Tuesday, May 17, 2011

Schools Arranging Secret Abortions For Students

Schools are helping teenage girls keep abortions secret from their parents. Imogen Neale reports.

A MOTHER is angry her 16-year-old daughter had a secret abortion arranged by a school counselor.

Helen, not her real name, found out about the termination four days after it had happened. "I was horrified. Horrified that she'd had to go through that on her own, and horrified her friends and counselors had felt that she shouldn't talk to us," she said.

She had suspected something was wrong, but her daughter insisted her tears were over everyday teenage dramas.

But Helen confronted her daughter's friends, who said the counselor had taken the girl for a scan and to doctors. "I didn't know that they could do that."

Helen said teachers could discuss how a student was doing in school or phone parents when their child misbehaved, but would then keep life-changing situations such as abortions secret.

Her daughter had since told her the counselor "wasn't very forthcoming" with advice. The counselor did ask the girl if she had talked to her parents, but never pursued it.

Helen said follow-up counseling for her daughter was "nonexistent". She concedes patient confidentiality is a tricky issue and said her child feared she'd be disowned. "She's come to realize that's not the case. But if you're responsible for them, surely you should be told."

Helen has been too upset to approach the school. "Afterwards I was too wild, and I probably still am."

Another mother who was worried for her 15-year-old daughter "hit a brick wall" when she approached the school, and eventually discovered it was a friend of her daughter's who had undergone an abortion. "But I went through the horror of knowing that under the legislation, they did not need to say anything to me."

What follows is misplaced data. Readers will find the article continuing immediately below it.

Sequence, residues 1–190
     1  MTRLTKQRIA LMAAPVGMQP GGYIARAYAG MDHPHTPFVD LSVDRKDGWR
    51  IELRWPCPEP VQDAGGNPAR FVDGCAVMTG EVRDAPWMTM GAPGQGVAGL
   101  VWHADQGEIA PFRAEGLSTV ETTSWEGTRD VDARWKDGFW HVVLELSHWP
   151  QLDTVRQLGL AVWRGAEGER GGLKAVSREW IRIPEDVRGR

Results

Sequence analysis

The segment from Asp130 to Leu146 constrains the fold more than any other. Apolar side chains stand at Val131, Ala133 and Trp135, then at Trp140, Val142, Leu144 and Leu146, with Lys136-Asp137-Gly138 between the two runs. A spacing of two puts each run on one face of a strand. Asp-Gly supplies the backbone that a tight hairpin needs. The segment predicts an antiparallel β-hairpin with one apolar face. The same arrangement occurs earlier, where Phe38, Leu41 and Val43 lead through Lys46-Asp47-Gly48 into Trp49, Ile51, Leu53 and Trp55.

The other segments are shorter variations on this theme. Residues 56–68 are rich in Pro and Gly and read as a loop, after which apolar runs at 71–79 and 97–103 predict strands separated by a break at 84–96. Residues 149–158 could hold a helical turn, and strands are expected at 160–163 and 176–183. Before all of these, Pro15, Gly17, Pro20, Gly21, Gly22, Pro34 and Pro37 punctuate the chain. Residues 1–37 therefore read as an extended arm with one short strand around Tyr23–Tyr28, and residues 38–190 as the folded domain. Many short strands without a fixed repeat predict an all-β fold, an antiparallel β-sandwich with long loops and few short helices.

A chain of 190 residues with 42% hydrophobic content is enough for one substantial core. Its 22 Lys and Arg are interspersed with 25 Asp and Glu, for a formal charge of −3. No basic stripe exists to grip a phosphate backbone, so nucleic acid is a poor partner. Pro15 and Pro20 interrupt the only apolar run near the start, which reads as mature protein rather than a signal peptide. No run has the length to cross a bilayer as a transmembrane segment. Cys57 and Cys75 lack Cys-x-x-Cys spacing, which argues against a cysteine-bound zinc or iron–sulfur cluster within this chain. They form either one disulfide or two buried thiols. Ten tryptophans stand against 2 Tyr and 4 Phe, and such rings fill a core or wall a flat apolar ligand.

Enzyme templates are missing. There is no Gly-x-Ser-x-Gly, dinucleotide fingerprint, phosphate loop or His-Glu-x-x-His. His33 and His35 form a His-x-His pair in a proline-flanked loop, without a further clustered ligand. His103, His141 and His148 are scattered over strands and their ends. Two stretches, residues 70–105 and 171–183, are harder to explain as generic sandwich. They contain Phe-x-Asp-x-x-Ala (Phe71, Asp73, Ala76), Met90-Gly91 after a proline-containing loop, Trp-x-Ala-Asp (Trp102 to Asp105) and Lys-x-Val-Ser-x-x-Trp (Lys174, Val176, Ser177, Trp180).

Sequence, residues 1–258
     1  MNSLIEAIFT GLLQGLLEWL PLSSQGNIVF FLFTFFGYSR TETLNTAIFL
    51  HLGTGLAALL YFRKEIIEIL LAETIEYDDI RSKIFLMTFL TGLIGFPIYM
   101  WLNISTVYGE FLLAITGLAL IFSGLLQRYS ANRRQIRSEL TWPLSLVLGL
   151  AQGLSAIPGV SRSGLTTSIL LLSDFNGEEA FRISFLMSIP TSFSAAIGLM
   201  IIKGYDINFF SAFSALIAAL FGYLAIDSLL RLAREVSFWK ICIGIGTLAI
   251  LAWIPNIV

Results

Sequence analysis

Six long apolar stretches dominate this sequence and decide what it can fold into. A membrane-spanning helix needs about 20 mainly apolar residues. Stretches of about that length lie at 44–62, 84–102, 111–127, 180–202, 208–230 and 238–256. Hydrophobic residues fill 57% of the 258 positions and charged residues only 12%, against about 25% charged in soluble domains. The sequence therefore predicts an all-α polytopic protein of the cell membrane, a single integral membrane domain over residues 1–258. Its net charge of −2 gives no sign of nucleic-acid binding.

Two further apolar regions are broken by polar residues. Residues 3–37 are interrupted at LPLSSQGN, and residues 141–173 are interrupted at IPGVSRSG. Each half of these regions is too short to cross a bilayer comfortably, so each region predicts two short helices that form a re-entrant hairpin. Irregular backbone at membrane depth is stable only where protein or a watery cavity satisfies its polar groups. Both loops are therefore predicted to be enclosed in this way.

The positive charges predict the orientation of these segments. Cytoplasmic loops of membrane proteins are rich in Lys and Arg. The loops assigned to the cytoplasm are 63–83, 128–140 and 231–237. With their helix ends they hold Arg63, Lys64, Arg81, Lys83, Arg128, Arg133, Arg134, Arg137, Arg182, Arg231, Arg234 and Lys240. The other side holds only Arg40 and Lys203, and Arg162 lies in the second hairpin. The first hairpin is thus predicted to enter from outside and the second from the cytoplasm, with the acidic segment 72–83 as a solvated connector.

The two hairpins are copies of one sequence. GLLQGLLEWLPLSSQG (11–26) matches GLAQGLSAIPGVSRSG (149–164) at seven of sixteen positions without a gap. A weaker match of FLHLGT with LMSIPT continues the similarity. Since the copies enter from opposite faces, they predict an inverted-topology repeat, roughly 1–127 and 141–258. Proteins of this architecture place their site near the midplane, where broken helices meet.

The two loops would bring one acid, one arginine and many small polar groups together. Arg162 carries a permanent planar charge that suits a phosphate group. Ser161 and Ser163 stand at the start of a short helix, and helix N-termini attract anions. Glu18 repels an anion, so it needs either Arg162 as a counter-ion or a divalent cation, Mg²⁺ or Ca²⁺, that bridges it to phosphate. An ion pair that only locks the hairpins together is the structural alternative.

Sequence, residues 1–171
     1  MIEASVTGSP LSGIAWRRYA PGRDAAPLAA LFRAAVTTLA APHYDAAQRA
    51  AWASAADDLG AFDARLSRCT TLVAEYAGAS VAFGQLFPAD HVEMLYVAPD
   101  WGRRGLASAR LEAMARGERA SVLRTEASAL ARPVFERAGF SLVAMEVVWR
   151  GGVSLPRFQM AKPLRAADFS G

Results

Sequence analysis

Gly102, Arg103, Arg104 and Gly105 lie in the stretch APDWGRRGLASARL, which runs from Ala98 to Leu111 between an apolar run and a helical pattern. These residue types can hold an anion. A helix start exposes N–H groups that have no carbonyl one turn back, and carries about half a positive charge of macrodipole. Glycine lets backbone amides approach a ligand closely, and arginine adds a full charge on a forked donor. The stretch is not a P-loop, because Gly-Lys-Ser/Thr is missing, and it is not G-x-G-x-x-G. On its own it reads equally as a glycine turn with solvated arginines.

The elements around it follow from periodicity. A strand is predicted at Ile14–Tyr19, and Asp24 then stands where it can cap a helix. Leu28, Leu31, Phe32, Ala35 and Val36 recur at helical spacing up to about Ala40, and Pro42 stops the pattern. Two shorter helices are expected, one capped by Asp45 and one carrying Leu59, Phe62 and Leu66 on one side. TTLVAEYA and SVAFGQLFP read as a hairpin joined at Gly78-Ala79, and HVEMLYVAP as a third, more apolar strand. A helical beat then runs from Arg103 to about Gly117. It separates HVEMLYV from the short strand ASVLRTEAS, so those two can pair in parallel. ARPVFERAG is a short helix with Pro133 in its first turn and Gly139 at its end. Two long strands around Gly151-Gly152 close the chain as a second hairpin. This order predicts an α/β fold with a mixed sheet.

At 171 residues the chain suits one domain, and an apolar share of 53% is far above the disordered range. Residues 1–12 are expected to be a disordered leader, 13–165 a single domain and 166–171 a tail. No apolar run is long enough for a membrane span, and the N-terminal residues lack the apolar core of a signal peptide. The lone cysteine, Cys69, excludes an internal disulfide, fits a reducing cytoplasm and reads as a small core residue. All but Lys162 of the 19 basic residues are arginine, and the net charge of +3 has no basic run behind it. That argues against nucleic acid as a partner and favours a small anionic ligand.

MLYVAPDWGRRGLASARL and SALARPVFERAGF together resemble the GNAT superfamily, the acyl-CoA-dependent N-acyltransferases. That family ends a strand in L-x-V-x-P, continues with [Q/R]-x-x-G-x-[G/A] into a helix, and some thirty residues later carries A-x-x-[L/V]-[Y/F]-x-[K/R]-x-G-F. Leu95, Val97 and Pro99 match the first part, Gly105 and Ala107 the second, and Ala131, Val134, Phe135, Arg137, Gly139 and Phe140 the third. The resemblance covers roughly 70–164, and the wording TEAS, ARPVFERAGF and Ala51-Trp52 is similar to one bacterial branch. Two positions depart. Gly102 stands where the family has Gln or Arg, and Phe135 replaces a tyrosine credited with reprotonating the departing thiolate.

One teacher told the Sunday Star-Times she had seen parents become "absolutely livid" after finding out they had been kept out of abortion decisions.

She knew of a Year 13 student who had had two abortions – one with her parents' knowledge, and one without.

She said the law catered for the "lowest common denominator" – pregnancy as a result of incest or rape, but girls sometimes did not want to tell their parents for fear they would react badly or demand prosecutions for statutory rape if their daughters were under 16.

Christchurch lawyer Kathryn Dalziel, who wrote Privacy In Schools: A guide to the Privacy Act for principals, teachers and boards of trustees, said students who saw counselors were promised confidentiality, and the service was bound by the Health Privacy Code.

"When it comes to contraception and abortion, they [counselors] would need the consent of the person before they could share information with a parent or the school," she said.

"If that protection disappeared, you can pretty well guarantee the young person won't tell the counselor a thing – particularly the thing you need them to talk about."

And a counselor who broke the rules and told a parent without the child's consent could be struck off.

Dalziel said she would be devastated if any of her daughters had an abortion without her support. "But knowing it is something that could happen, my whole thing about raising my children is to know how to listen and learn and get information."

Guidance counselor Helen Bissett said the situation could be an "ethical nightmare", and a number of schools now had wellness centers so girls could see a nurse, not a counselor.

Read More From Stuff.co.nz

No comments: